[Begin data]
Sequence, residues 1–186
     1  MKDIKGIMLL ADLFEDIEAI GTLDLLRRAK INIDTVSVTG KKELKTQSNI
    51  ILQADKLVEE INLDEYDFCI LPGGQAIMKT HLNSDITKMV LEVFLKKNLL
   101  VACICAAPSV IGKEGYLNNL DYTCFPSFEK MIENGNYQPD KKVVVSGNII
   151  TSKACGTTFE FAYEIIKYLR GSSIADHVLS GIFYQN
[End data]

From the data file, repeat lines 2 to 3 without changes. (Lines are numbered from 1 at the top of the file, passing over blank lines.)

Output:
     1  MKDIKGIMLL ADLFEDIEAI GTLDLLRRAK INIDTVSVTG KKELKTQSNI
    51  ILQADKLVEE INLDEYDFCI LPGGQAIMKT HLNSDITKMV LEVFLKKNLL